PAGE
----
Popular on Variety

More Voices

  • Jo Jo Rabbit Once Upon a

    Why Younger Actors Could Be Crashing the Oscar Nominations

    Tatum O’Neal was only 10 years old when she became the youngest actor to win an Oscar in 1974 for her work alongside her father, Ryan O’Neal, in “Paper Moon.”  Besides O’Neal, the only other young Oscar winners have been Anna Paquin, who at age 11 went home with the supporting actress Oscar for “The Piano” [...]

  • Margot Robbie, Nicole Kidman, Charlize Theron.

    Charlize Theron Could Win Second Oscar for Playing Megyn Kelly in 'Bombshell'

    Charlize Theron walked on stage before a screening of “Bombshell” at West Hollywood’s Pacific Design Center on Sunday night and announced to the crowd, “I’m about to s— myself.” The Oscar winner had good reason to be nervous. The screening of the Jay Roach-directed drama about the fall of Fox News boss Roger Ailes was [...]

  • Tom Hanks Mr Rogers A BEAUTIFUL

    Tom Hanks' Portrayal of Mister Rogers May Put Him Back in Oscar's 'Neighborhood'

    Sony recently hosted a SAG-AFTRA screening of “A Beautiful Day in the Neighborhood,” the Marielle Heller-directed drama starring Matthew Rhys as a magazine writer who befriends Fred Rogers, played by Tom Hanks. While the screening didn’t include a guild Q&A with cast or the film’s creative team, the audience was greeted with a video message from [...]

  • Joe Pesci, Al Pacino, Martin Scorsese,

    Martin Scorsese and 'The Irishman' Enter Oscar Race With World Premiere at NYFF

    Even with its three-hour run time and a short 28 days in theaters before it’s available on Netflix, Martin Scorsese’s “The Irishman” is likely to be a major contender at the Oscars. The 57th New York Film Festival opened on Friday night with the world premiere of the epic real-life mob drama. Scorsese and his [...]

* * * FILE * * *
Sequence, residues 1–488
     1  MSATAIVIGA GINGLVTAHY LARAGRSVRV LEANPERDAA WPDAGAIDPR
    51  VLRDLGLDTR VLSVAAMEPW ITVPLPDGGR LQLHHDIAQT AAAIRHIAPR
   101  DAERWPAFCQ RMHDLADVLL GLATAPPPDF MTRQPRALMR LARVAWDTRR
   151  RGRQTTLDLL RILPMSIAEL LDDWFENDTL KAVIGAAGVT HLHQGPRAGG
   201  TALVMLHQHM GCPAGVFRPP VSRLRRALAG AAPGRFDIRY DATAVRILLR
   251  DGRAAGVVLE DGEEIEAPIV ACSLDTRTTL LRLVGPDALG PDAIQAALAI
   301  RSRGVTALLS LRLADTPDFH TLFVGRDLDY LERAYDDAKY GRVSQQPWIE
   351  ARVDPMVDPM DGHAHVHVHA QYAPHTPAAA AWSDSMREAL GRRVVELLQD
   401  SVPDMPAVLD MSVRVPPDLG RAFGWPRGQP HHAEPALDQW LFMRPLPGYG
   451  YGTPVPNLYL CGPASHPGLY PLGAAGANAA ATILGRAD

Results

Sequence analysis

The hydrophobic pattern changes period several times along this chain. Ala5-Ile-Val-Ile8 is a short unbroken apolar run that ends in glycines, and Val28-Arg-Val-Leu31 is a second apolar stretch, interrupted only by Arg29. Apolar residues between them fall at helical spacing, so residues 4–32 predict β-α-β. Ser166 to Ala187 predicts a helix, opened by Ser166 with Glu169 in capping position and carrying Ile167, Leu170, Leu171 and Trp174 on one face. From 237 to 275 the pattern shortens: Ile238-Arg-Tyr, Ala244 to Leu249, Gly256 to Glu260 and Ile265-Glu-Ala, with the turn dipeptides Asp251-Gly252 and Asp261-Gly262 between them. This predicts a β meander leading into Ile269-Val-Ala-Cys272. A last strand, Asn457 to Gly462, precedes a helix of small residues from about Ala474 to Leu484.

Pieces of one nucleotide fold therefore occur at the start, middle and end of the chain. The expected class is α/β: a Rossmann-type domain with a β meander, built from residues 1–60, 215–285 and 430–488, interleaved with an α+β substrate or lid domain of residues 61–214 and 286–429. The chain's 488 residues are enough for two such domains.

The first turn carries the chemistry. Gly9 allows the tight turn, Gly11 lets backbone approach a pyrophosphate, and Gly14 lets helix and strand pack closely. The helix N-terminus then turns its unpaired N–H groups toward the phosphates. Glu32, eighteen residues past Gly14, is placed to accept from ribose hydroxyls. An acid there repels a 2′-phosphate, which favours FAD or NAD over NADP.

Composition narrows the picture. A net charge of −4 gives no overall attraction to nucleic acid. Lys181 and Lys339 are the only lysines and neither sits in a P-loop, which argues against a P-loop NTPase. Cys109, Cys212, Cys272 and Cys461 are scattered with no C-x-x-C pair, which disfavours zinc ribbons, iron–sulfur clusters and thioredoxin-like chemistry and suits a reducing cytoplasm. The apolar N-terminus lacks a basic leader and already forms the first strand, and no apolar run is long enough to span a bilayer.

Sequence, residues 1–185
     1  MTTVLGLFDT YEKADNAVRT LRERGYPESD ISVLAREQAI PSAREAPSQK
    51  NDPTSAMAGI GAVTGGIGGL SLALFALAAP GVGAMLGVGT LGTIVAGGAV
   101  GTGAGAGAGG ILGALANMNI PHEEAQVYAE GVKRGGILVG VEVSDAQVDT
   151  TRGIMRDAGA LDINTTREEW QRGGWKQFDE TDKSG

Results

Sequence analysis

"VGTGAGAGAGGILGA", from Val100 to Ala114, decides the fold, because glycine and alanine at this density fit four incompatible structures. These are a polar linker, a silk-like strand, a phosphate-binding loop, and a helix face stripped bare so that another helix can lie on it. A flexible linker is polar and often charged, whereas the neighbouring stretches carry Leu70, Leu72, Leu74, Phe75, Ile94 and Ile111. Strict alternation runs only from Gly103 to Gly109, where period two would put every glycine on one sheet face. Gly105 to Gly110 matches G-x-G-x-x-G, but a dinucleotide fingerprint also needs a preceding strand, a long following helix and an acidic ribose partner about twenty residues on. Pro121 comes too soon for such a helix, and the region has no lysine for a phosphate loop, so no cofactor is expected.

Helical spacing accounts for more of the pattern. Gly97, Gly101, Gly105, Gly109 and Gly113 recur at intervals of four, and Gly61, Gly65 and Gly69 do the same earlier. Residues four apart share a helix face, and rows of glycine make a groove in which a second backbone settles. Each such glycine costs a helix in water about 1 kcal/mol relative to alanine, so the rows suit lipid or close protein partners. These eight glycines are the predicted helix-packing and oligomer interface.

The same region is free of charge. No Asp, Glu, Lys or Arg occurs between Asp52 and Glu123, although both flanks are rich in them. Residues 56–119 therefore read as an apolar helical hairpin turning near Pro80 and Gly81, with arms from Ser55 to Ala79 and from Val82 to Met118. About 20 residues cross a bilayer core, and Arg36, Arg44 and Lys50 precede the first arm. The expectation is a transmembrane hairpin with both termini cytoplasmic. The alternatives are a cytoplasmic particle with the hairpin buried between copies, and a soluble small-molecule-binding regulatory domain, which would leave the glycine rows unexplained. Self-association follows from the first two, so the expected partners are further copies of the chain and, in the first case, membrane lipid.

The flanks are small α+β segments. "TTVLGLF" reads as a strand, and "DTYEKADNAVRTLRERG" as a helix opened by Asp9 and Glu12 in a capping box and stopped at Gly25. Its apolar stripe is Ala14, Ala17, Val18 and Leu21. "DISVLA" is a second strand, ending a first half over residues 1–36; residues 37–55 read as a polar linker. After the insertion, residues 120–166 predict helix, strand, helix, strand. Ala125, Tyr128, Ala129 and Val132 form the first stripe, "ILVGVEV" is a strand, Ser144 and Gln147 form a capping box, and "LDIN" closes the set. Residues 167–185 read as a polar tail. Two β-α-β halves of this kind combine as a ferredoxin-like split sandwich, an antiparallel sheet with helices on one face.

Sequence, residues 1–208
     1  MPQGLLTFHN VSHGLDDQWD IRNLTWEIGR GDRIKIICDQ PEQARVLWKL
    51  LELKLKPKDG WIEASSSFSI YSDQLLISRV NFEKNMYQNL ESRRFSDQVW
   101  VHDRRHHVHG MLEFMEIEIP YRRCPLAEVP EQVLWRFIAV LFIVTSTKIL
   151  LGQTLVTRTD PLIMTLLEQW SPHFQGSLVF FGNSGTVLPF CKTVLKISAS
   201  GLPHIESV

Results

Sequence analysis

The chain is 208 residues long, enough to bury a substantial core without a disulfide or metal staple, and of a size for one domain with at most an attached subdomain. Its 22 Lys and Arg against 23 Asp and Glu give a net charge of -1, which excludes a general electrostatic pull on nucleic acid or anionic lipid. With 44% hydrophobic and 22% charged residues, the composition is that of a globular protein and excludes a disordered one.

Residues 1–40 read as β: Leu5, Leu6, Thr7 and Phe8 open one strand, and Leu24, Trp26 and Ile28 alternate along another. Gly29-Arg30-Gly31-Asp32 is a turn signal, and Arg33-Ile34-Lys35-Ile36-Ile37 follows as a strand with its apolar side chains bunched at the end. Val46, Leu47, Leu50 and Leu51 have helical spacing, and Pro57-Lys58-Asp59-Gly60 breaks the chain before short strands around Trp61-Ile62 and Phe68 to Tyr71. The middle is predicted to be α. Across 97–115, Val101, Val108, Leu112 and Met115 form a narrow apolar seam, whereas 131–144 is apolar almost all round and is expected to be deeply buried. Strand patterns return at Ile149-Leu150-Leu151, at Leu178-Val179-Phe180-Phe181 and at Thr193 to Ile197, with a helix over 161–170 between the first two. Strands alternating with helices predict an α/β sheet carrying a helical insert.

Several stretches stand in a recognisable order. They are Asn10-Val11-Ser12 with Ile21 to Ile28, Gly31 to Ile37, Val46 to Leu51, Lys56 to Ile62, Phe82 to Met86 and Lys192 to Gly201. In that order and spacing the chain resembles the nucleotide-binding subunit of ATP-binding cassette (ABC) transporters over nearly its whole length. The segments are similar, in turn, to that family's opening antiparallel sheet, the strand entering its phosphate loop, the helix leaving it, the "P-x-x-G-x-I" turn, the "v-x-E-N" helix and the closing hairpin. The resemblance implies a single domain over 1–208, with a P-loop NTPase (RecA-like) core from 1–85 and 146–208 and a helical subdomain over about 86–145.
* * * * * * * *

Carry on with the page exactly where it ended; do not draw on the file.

• Brad Pitt Once Upon a Time

    How Much Does Hitting the Awards Season Circuit Really Matter to Stars Like Brad Pitt?

    “Do you want an Oscar?” That’s the first question one top awards consultant asks any potential contender when they first start talking. Everyone is wondering how Brad Pitt would answer that question these days. He recently raised eyebrows and made headlines when he proclaimed that he would not be campaigning this awards season. “Oh, man. I’m [...]

  • Renee Zellweger'Judy' film premiere, Arrivals, Samuel

    'Judy's' L.A. Premiere: Renée Zellweger Takes Another Ruby Step Toward the Oscars

    Renée Zellweger continues to follow the yellow brick road to the Oscars. The Los Angeles premiere of Judy on Thursday night in Beverly Hills kept the Academy Award winner on track for a possible second win come February. “We’re just so happy we’re able to share it with you tonight,” Zellweger said to the crowd [...]

  • Barry Bill Hader

    Emmys 2019: Clear Favorites and Top Challengers for This Year's Winners (Column)

    If this felt like the longest, most expensive Emmy campaign in history, you might be right. For one thing, the 2019 Primetime Emmys will be held Sept. 22, which is the latest the ceremony has taken place since 2013. That also happened to be the last year of TV’s quaint, pre-streaming era, before outlets like [...]

More From Our Brands

Access exclusive content